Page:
That section has a long list of grounds that could be invoked, but critically it says in Section 21 (j), “political opinion, which includes the lack of a particular political opinion or any political opinion.”

And herein lies the confusion; the Prime Minister was clearly talking about page 17 while seeming to not know about what was in the summary on page four. . .

Tova O’Brien points out the Prime Minister and Justice Minister don’t understand what they’re proposing:

Jacinda Ardern is wrong about her own hate speech law. Completely and utterly wrong.

Not only is the Prime Minister wrong about the basic facts of the proposal, she was wrong to shut down debate on hate speech on The AM Show this morning with her glib, inaccurate dismissals. 

The Prime Minister and Ministers develop policy and set policy directions for law. If they don’t understand the policy direction and intent of the law, how can they expect the judiciary to interpret and apply the law? 

On Newshub Nation we questioned the Justice Minister about the proposed changes and tested his policy direction and intent with examples. He conceded that, for example, if millennials expressed hatred towards boomers they could potentially be found liable for hate speech.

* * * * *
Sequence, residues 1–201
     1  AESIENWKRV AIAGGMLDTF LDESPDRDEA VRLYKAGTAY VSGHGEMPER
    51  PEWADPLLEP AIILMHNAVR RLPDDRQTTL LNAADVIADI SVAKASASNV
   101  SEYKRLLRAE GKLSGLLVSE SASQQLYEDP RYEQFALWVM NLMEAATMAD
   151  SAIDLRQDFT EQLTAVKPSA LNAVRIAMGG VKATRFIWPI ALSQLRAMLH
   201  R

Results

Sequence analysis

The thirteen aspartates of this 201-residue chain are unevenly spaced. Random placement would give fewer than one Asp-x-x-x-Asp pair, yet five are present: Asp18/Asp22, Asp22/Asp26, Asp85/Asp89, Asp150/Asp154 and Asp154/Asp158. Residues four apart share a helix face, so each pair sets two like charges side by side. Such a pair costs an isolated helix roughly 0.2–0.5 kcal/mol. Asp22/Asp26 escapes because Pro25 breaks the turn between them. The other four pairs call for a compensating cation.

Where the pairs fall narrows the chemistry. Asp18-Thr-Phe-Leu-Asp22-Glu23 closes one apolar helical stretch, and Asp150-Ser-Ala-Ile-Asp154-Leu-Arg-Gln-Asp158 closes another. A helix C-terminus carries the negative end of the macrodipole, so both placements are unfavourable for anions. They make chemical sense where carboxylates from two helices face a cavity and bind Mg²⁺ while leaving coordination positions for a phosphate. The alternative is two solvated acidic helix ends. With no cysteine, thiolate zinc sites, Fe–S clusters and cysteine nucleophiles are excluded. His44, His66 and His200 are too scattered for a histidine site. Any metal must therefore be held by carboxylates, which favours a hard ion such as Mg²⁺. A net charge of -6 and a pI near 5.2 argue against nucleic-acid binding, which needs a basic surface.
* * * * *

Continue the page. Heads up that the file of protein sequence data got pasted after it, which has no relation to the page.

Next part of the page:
Ardern is now contesting that, saying the law will only apply if it ‘incites violence’. That is wrong, the proposed threshold is as low as ‘insulting’ someone. 

The Prime Minister was dismissive about the interview and said we were trivialising the need for the law change – the terror attacks on March 15. 

It is insulting and irresponsible to pit journalists – or anyone who questions or debates the legislation – as somehow being in opposition to the needs of the victims of March 15th. 

If Jacinda Ardern wants to be the only voice who can have a say on the proposed hate speech changes – let’s fact check some of what she said on The AM Show this morning and you can decide whether she should have the only and ultimate say.  . . 

If the Prime Minister doesn’t understand the law how are the rest of us supposed to?

The more that our elected lawmakers talk about the proposed ‘hate speech’ laws, the more concerned New Zealanders should become, according to the Free Speech Union.

“Over the weekend the Minister of Justice, Kris Faafoi, couldn’t clearly say that millennials wouldn’t be up for possibly three years in jail if they wrote something that spoke ill of boomers as blame for not being able to afford a house,” said Dr David Cumin, a Spokesman for the Free Speech Union.

“This morning the Prime Minister told the AM Show the proposed law was to ‘clarify’ the existing legislation, was to stop incitement to violence against groups, and political opinion would not be included as a protected category.”